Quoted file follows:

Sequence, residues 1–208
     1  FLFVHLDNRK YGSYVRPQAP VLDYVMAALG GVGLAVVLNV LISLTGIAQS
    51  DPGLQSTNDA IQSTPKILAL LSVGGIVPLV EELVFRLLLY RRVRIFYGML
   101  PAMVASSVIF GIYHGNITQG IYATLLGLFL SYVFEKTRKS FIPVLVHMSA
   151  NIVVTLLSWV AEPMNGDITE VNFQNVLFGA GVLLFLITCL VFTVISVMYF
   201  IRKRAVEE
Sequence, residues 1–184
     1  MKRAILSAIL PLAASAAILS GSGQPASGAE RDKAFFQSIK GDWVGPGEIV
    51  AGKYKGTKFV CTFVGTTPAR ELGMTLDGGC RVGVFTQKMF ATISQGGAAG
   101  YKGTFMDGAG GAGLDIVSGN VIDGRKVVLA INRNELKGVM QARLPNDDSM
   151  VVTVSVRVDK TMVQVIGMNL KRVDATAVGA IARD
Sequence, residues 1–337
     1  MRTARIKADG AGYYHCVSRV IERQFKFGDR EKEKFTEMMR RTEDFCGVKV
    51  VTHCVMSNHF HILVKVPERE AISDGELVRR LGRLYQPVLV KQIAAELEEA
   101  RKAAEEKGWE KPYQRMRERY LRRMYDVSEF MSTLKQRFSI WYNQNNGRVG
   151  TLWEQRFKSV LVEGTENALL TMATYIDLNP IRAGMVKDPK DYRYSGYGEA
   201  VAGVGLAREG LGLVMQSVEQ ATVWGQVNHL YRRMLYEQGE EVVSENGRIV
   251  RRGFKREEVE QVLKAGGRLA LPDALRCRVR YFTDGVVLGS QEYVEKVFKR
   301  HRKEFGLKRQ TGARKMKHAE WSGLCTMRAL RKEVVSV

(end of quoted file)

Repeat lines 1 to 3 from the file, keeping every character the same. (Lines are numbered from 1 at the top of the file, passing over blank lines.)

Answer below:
Sequence, residues 1–208
     1  FLFVHLDNRK YGSYVRPQAP VLDYVMAALG GVGLAVVLNV LISLTGIAQS
    51  DPGLQSTNDA IQSTPKILAL LSVGGIVPLV EELVFRLLLY RRVRIFYGML